My 30th birthday was definitely one I will always remember for lots of reasons. It was wintery cold instead of the gently warm beginnings of summer; I didn’t unwrap any surprises but I had a day full of unwrappable experiences; I missed celebrating with my family and friends but it was my first birthday with a husband to spoil me. And he did a very good job.
I knew we would be spending a few days in the UNESCO city of Valparaiso but I didn’t know anything else. On the 24th (my birthday eve), we travelled the couple of hours from Santiago and checked into our apartment. It was one of the loveliest places I’ve ever stayed. It had several luxuries which I’ve missed lots during this trip: tea and a teapot, a hair dryer, a sofa and a bath! And it had a mezzanine floor – something I’ve always loved the idea of!
So we settled in and then enjoyed a delicious steak meal at a nearby restaurant.
The next morning, Dean made me breakfast from the components provided by the apartment: fruit with yoghurt and eggs on toast and two types of tea. I also got a card and a pair of evenings made from real butterfly wings that we bought a while ago in Costa Rica. Butterflies which had met a natural end by the way or I wouldn’t have had them.
Running a bit late (though I didn’t know what for), we legged it down the cobbled streets of our hill, Alegre, one of more than 40 that make up Valparaiso. When we reached the main square, presided over by a grand statue of A(rturo) Prat, we encountered two red and white striped ‘Wally’s. It turned out that our morning activity was to be a tour of the city with the Wally called Chris. This was exciting as the glimpses we’d caught this far suggested it was a city of culture, art, music and poetry.
First we crossed the square to take a look at the port. The people of Valparaiso call themselves Porteños and are proud of their historical importance as a trade route.
Valparaiso’s ‘golden age’ began in 1848 with the gold rush. It became one of the most affluent cities because of its port. However, the completion of the Panama canal put an end to the era, rendering Valparaiso one of the poorest places in Chile. We took a look down what was once South America’s most affluent streets, it now reeks of dog deliveries and has fallen into disrepair because of the difficulty and expense of repairing buildings in line with UNESCO requirements.
Throughout the tour we were accompanied by between one and four canine friends at any time. Apparently many are tour regulars and have back stories or nicknames from the Wallys.
One of Valparaiso’s hills was recently ravaged by fire. I remember reading about it in the news and learning the country’s fire service is entirely voluntary and run by people who have other full time jobs. Chileans consider it an honour to be a ‘bombero’ and apparently wouldn’t have the system any other way. Valparaiso has a lot of fires, due to the dry climate, and something like 21 firestations which all rely on donations. They have a pretty difficult job given the hills and the narrow cobbled streets, many of which must be inaccessible for the fire engines.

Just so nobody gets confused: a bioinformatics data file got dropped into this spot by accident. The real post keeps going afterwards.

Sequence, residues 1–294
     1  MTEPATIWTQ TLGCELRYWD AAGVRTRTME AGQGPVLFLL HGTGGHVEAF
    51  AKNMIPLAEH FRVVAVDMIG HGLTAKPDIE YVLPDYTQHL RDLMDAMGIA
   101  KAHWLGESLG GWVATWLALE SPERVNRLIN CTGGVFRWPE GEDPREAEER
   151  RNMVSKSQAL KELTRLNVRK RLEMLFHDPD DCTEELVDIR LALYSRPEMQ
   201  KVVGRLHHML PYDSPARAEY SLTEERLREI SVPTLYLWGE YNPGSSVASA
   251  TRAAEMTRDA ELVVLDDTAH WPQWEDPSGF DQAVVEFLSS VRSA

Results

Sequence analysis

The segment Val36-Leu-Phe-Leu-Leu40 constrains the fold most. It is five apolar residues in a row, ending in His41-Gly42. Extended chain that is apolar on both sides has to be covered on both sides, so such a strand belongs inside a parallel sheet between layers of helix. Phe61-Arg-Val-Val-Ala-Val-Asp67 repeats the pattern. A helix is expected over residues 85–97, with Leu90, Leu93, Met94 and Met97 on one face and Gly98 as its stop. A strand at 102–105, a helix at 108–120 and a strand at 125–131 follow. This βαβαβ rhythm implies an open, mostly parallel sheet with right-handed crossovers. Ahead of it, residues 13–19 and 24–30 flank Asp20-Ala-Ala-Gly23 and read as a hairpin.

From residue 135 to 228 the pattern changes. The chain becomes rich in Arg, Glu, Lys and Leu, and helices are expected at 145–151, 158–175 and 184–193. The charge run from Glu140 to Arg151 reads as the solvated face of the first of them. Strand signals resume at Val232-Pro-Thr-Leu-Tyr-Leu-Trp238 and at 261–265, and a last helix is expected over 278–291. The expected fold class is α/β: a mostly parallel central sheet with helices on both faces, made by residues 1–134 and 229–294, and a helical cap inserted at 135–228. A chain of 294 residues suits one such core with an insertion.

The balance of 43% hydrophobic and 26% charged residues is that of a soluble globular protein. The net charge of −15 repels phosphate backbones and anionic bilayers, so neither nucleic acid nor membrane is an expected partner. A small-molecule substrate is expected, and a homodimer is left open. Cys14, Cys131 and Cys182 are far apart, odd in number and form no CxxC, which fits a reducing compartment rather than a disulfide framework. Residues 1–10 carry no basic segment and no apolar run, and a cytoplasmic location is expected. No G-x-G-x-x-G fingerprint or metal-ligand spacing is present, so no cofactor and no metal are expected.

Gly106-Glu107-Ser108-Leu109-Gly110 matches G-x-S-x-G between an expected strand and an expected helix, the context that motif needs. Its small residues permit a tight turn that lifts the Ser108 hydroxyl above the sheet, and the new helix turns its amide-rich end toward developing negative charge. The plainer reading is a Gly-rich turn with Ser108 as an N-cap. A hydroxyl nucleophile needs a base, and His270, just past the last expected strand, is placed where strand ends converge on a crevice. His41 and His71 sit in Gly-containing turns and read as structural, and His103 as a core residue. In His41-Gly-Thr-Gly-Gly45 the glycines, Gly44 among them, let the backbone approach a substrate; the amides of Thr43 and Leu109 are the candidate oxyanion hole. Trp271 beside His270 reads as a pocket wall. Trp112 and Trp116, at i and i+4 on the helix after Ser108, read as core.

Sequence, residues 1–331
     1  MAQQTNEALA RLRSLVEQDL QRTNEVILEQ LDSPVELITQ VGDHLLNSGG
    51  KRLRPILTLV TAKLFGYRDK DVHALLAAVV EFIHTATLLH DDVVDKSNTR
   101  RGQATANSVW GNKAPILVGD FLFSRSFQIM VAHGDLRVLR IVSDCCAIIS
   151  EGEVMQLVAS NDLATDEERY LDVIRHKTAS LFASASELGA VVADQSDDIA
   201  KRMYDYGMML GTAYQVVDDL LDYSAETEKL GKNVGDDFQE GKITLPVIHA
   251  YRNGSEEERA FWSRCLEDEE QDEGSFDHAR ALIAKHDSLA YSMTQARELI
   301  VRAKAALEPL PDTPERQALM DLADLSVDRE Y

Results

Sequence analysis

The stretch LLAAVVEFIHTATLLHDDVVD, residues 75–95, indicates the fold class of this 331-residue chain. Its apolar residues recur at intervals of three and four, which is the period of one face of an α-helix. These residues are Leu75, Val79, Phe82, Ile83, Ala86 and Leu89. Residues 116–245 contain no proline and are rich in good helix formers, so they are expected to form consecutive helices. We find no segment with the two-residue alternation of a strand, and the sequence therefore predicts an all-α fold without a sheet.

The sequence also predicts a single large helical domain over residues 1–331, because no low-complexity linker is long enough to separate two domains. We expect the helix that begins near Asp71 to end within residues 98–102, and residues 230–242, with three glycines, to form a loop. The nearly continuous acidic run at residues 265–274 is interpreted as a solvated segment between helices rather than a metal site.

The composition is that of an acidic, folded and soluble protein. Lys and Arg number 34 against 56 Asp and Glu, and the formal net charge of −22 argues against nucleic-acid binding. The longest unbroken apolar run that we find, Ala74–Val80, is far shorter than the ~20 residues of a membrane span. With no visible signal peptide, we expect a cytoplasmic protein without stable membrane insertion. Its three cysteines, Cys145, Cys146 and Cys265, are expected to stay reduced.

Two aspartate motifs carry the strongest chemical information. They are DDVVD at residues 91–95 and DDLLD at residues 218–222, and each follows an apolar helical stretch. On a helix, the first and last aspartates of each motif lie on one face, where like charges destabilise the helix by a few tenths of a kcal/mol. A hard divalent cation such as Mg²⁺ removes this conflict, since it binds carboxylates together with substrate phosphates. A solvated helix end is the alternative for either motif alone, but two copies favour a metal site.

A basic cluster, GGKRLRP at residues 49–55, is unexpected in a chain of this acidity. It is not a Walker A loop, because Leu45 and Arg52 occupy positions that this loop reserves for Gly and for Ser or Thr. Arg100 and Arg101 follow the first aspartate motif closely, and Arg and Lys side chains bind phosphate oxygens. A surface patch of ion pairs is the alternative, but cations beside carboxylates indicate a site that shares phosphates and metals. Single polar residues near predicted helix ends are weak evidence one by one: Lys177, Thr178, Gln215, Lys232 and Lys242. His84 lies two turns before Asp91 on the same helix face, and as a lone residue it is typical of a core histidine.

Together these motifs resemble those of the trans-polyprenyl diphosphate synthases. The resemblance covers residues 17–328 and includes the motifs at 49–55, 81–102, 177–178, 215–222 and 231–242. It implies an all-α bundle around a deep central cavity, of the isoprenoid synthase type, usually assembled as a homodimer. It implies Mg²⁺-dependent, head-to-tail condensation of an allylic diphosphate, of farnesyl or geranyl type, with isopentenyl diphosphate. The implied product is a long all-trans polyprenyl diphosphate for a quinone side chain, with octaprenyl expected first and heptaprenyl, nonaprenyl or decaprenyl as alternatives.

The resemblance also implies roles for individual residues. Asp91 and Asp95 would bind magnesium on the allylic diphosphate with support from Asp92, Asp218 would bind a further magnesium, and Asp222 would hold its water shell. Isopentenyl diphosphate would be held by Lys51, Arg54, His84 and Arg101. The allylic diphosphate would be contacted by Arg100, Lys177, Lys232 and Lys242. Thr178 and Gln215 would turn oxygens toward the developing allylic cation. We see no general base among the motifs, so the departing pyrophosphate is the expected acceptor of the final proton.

No two houses are the same as they’re all built to fit their hill, sometimes being one storey on one side but four on the other. They’re generally made of adobe because the material flexes well during the frequent earthquakes but, since it doesn’t bode well in the salty air, the Porteños had the bright idea of cladding the exteriors with corrugated metal from ships and covering it in hardy boat paint. This is, I think, how the city’s houses came to be so many different colours.
The thing I liked most about Valparaiso was the murals adorning so many of the walls, especially on Alegre and Concepción hills where our tour was focused. Graffiti is illegal but is such a big problem that building owners invite muralists to create their work on their walls. The graffiti culprits are respectful enough of the work that they don’t tag on the murals. Artists (as well as musicians and poets) from far and wide come to Valparaiso to try and make it big and there are several who have made a name for themselves. Our Wally pointed out a few works by more notable people as we walked. Here are a few of my favourites…well, ok, more than a few but it was very hard choose!